Friday, May 04, 2007

Japanamerica JAPAN mini-tour

We're gearing up for the Japanamerica mini-tour of Japan in anticipation of the May 24 release of the book's Japanese-language edition, published by Random House Kodansha. Dates are being settled, but the first will be this Sunday, May 6, at The Pink Cow in Shibuya, Tokyo. The evening is billed as "Japanamerica Night," and will feature an exhibition of anime and manga artwork, DVD clips, live music and much talk and discussion among me, Leo Lewis of the Times of London and other writers, artists and producers on hand in Tokyo.

More info is on the invitation flyer posted above. If you are in this vast city of spectacle and sprawl, you are more than welcome to join us. Admission is free.

Other currently confirmed dates include:

In the works are some bilingual events in Tokyo co-hosted by author, translator and University of Tokyo professor Motoyuki Shibata, who reviewed Iyasu Nagata's excellent translation for final publication. The bilingual presentations will likely commence in June, when the Japanese edition is readily available.

I have now been in Tokyo for a few weeks since wrapping up the US tour. The days have been thrilling, if a tad dizzying. In addition to The New Yorker's Roz Chat's visit with Azuma-san, which I began to chronicle in an earlier post, the kind folks at GDH invited me to attend their world premiere screening of Afro Samurai, which is just now debuting on Japanese TV. The screening was the first of a two-hour version of the episodes, involving previously cut scenes and additional footage. While it didn't quite play like a feature film, the richness of the visuals combined with a more contiguous, commercial-free version of the narrative resulted in a spellbinding experience.

I believe the version I saw at a theater in Shibuya will be available on DVD in the US later this month.

Reports from Tekkon Kinkreet's week-long MoMA premiere screenings in New York have been equally gratifying: Screenwriter Anthony Weintraub notes that all were sold-out, and the responses of those who attended (including dear friends and family of mine) has been characterized by awe and and enthusiasm for the medium and its possibilities.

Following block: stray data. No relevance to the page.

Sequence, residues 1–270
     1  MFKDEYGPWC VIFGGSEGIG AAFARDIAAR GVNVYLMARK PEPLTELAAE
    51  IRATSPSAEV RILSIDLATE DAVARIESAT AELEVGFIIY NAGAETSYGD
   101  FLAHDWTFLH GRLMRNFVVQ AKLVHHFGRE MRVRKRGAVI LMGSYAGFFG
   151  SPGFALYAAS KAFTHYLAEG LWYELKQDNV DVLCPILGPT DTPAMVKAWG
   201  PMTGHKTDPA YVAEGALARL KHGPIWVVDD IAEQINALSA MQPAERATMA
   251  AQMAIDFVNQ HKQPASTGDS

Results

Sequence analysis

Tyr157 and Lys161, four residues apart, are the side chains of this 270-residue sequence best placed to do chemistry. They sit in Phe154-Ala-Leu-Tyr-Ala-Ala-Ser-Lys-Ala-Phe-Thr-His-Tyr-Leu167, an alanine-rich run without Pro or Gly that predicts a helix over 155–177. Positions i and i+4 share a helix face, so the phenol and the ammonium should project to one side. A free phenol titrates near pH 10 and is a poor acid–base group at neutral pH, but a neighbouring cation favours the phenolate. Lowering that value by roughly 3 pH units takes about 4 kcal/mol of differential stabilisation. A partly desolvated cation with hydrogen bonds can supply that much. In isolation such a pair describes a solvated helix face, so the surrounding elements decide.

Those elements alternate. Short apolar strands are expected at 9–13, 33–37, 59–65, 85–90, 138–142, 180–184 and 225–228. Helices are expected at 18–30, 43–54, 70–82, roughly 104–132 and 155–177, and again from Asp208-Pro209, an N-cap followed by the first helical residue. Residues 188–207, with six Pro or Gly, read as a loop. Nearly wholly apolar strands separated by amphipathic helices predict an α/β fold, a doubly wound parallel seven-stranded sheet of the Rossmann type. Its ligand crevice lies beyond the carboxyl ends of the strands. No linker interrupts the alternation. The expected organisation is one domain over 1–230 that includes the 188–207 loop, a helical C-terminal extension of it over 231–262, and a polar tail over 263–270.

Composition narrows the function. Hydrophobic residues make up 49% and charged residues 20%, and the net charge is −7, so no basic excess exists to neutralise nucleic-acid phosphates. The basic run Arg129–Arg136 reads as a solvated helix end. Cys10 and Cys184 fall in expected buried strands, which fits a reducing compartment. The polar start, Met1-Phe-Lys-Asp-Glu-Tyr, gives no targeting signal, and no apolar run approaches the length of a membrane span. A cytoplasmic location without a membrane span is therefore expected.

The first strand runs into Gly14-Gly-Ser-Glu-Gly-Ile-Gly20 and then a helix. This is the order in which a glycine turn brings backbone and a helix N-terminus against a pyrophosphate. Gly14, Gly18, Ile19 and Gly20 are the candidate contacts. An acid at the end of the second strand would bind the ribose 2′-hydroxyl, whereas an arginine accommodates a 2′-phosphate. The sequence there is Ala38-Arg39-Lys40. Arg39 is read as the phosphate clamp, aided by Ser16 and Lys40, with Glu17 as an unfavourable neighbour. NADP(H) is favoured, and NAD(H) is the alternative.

I also managed to squeeze in a lunch with the brilliant and prolific Susan J. Napier, whose forthcoming book, From Impressionism to Anime, promises to significantly expand discussion and understanding of the historical and critical relationships between the forms.

During our meeting in Tokyo, Susan said that she keeps expecting the rising Western interest in the manga and anime media--and in the contemporary culture in general--to peak. All evidence, however, points to the contrary.

Forthcoming are the Michael Bay/Steven Spielberg" big-budget blockbuster version of "Transformers", due in July and based on the assorted robot toys produced by Japan's Takara over 25 years ago; The Wachowski Brothers' (The Matrix series) version of Speed Racer, to which both Christina Ricci and Susan Sarandon have both committed, and based on the manga and TV series created by Tetsuo Yoshida in the 1960s; and new animated/CGI versions of both Astro Boy (Tezuka Osamu) and Gatchaman (Battle of the Planets, also by the Yoshida brothers of Tatsunoko Productions), currently being created and produced by the Hong Kong and LA-based Imagi International--whose very friendly folks invited me to a lunch meeting in LA, and described Japanamerica as "our business plan in a book."

Speaking of LA, if you happen to be there this weekend, do attend the special screening of Tekkon Kinkreet at the Visual Communications Festival. You won't be disappointed.

More to mention, but for now: Watch your back, Spidey.

Hope to see you Sunday in Tokyo.

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